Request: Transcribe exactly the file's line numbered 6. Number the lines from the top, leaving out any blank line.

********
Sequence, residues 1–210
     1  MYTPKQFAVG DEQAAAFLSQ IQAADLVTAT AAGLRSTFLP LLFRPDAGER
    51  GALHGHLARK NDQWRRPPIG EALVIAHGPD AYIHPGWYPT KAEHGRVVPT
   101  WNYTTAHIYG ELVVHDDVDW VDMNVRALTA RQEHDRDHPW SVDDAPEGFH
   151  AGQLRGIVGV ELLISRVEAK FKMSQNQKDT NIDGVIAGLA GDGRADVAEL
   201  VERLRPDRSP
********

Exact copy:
   201  VERLRPDRSP